Trust Store & Trust Sessions

Personal computing devices are becoming an integral part of our daily life. For that, they contain a multitude of personal information. Users trust the device and with that, the operating system to ensure that any personal information is protected from being abused by remote or device-local entities (apps, other users, etc.). One of the central tasks then is to distinguish between valid accesses to from abusive use of personal information.

The Ubuntu security model can be summarized as follows:

  • Users are confined to their personal account
  • Applications are confined
  • Applications can only escape the confinement sandbox via services that are provided by the system. Ultimately, these services inherit the property of being trusted by the user from the system itself.

The services need to be classified further though. Some of the services provide access to resources and functionality that are considered abusive in nature and any access to them has to be explicitly ack'd and trusted by the user. The required user interaction is implemented by a so-called "trust prompt". Only if the user explicitly acknowledges a trust request, the service grants access to the requested resource. Any service executing this security/trust prompting is called a "trusted helper".

Persisting Trust Requests

With the explicit trust prompting in place, the system makes the assumption that user answers to trust queries remain valid until otherwise told. With that, the trusted helpers can persist answers on trust prompts in a designated central store (the so-called trust store). It contains a database of per-app/per-user trust requests, including the user's answers and a timestamp. The trust store is only accessible by trusted helpers for their specific namespace, and only a very limited set of apps do have global read/write access to the store, e.g., the system settings app. align="middle"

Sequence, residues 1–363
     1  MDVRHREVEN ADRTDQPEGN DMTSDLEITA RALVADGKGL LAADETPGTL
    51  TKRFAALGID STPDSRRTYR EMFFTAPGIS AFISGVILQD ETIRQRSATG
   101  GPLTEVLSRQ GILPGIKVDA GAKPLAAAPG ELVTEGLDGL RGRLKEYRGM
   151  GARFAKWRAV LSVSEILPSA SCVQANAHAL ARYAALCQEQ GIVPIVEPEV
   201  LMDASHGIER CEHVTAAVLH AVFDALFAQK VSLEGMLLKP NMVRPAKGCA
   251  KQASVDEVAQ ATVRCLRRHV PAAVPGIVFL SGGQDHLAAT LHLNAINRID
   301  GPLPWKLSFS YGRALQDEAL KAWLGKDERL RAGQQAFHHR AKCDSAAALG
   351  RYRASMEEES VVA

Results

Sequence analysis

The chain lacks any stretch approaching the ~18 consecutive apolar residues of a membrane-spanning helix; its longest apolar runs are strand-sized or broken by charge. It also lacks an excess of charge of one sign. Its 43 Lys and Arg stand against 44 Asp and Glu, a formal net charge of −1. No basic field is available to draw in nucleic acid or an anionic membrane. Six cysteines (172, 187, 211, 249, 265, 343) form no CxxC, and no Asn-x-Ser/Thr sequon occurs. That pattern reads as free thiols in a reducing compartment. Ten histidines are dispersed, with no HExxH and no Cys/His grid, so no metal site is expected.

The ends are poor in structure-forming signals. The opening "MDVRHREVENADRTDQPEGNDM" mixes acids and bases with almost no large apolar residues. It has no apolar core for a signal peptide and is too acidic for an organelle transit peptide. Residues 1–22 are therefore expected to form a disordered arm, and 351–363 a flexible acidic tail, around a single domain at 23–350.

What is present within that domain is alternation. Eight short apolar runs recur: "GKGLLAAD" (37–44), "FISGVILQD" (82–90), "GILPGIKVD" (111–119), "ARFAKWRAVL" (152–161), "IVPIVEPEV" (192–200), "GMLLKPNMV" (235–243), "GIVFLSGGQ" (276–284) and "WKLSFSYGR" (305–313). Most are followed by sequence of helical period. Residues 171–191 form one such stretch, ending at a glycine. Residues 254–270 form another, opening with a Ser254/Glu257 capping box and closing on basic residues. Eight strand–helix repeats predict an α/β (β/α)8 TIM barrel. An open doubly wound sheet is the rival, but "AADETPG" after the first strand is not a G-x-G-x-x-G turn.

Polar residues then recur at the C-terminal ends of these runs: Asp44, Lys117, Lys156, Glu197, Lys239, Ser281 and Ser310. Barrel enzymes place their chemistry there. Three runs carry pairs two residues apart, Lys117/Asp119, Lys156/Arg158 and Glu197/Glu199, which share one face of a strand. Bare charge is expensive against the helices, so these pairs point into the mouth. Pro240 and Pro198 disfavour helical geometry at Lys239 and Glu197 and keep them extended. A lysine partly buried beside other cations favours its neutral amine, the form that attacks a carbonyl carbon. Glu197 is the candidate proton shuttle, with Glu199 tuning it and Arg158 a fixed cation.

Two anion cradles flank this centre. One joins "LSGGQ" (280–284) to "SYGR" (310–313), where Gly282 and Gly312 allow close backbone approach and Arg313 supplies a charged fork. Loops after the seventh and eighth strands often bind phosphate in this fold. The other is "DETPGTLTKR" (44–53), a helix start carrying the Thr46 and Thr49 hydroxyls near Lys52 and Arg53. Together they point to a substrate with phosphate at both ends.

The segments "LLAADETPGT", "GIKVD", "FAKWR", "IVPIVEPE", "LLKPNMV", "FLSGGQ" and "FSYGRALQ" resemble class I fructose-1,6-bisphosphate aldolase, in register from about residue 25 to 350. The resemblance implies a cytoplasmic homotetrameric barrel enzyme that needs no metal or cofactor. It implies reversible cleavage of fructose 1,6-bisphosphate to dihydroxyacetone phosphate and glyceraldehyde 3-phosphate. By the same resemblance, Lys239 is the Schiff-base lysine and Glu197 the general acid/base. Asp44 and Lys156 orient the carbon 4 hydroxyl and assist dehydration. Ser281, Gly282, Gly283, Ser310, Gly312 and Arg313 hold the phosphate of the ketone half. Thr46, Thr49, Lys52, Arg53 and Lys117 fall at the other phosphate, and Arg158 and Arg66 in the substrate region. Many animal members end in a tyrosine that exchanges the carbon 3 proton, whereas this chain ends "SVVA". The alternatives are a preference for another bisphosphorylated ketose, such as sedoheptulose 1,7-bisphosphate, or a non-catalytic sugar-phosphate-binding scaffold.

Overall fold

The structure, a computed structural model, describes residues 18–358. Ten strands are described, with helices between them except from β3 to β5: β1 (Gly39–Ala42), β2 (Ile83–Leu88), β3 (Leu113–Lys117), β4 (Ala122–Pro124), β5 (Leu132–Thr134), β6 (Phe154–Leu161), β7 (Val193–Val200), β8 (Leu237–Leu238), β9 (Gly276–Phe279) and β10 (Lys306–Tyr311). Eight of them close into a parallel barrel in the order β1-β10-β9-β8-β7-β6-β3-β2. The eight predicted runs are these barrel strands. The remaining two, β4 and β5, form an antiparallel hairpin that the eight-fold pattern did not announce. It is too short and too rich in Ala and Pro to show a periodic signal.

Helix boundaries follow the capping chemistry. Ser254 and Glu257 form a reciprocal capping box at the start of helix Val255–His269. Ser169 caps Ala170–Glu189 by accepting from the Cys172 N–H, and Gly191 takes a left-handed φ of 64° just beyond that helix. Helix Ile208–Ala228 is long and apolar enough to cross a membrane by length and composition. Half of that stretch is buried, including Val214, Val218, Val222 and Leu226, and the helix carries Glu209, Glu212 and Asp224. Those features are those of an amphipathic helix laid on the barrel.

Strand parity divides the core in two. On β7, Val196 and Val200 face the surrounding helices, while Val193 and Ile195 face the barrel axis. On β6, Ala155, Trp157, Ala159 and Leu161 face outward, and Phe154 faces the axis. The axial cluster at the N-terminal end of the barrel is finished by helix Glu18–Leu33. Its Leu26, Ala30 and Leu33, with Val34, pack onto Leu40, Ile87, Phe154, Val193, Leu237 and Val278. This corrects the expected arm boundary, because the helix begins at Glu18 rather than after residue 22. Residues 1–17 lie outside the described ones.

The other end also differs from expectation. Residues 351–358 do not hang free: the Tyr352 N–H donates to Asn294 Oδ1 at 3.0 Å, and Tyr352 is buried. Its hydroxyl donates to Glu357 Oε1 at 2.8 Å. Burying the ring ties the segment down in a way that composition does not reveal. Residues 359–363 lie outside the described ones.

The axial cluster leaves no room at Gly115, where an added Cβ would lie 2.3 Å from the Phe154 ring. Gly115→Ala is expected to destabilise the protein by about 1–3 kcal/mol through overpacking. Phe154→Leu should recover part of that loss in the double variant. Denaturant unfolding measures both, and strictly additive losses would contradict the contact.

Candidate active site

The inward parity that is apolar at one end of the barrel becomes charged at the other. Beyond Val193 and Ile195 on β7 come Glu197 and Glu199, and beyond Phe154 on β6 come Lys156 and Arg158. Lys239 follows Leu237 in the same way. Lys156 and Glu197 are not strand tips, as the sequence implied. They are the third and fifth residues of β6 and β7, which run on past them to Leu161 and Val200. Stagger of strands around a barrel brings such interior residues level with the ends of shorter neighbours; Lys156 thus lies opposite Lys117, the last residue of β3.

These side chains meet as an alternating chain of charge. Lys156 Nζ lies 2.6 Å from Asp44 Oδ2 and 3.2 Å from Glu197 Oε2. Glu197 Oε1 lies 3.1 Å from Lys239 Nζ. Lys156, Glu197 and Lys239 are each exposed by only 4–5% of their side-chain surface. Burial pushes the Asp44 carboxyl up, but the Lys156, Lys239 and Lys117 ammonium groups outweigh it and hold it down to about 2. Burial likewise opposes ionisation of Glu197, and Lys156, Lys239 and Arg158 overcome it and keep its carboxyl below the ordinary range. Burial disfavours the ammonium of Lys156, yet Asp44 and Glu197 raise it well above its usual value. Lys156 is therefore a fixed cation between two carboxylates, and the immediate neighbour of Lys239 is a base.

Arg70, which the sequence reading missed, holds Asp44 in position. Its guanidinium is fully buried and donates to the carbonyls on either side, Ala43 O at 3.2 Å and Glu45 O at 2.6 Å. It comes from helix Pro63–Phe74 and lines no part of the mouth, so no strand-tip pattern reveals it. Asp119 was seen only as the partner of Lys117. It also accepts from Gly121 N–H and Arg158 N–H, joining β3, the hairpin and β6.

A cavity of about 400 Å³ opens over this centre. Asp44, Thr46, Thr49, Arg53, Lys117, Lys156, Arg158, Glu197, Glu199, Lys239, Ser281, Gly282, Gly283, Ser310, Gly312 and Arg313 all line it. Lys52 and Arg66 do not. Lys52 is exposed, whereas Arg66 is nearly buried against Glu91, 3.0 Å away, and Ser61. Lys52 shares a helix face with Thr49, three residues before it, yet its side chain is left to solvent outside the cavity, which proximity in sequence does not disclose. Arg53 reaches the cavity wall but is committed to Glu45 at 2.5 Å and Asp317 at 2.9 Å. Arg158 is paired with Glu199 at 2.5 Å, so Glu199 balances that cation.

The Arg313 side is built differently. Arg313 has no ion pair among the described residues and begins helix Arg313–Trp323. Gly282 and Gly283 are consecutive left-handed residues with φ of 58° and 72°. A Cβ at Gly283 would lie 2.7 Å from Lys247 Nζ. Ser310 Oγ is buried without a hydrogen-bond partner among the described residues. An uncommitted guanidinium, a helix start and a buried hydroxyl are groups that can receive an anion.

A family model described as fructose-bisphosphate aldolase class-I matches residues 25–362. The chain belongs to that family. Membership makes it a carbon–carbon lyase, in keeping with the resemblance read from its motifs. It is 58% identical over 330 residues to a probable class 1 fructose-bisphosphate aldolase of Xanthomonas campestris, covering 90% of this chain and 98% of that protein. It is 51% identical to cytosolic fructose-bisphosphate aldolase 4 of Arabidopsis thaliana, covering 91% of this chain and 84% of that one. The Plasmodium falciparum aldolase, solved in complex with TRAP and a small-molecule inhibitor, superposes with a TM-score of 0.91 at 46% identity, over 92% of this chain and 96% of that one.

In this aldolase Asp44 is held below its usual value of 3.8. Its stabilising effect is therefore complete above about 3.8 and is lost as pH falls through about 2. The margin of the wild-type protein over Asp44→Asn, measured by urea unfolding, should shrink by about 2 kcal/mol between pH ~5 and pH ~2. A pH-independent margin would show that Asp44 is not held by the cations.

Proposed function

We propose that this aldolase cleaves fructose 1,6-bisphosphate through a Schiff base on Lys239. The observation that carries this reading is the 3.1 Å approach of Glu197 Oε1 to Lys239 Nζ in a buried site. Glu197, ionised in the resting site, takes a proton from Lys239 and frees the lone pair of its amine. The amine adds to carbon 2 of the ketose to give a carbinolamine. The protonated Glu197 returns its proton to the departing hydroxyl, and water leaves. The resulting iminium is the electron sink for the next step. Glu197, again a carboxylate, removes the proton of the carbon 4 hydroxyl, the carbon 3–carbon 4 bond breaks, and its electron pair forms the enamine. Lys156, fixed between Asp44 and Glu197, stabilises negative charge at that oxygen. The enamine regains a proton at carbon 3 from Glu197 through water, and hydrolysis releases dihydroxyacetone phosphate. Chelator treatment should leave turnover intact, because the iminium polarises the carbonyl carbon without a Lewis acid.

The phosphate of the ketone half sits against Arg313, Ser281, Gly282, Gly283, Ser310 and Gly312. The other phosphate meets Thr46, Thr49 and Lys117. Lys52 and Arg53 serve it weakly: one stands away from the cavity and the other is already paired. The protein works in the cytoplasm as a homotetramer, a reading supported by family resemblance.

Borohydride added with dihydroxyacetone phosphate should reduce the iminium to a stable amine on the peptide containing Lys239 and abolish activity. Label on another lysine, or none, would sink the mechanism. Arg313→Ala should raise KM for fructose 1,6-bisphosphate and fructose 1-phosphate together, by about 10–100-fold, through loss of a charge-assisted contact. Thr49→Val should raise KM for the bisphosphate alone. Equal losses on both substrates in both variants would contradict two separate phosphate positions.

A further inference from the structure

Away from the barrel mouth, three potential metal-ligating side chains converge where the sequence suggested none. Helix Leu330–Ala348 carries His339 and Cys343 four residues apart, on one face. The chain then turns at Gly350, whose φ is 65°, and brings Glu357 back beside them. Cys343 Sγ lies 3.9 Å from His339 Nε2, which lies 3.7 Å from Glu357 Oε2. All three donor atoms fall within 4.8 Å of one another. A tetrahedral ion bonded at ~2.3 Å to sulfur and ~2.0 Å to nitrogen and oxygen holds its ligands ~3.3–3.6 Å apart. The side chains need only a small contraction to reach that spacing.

Trusted Prompt Session

According to the description given before, three participants of a trust prompt session can be identified:

  1. The application requesting access to a resource via a trusted helper.
  2. The trusted helper itself
  3. A trust prompt provider

Please note that (2.) and (3.) could refer to the same component. As prompting the user is obviously user visible and requires user interaction, Mir is involved in the trust prompt session, too.

The main purpose of a trusted prompt session (TPS) then is to tie together the three components mentioned before, both in terms of presenting the final prompt to the user and in terms of lifecycle/focus mgmt. (from a shell's perspective). In this respect, a temporary, virtual app is introduced that spans across all three components:


From a lifetime perspective, the TPS ends whenever the TPP or its surface is dismissed. Similarly, if the session is terminated for any other reason, the TPP and its surface are dismissed, too. The app cannot exercise any sort of control in this scenario and is not even guaranteed to run.

Only after the trust session has ended, control is transferred back to the app. More to this, while a TPS is active, focus mgmt. treats the session as atomic and prevents the app from being refocused separately.

Trusted Interaction Session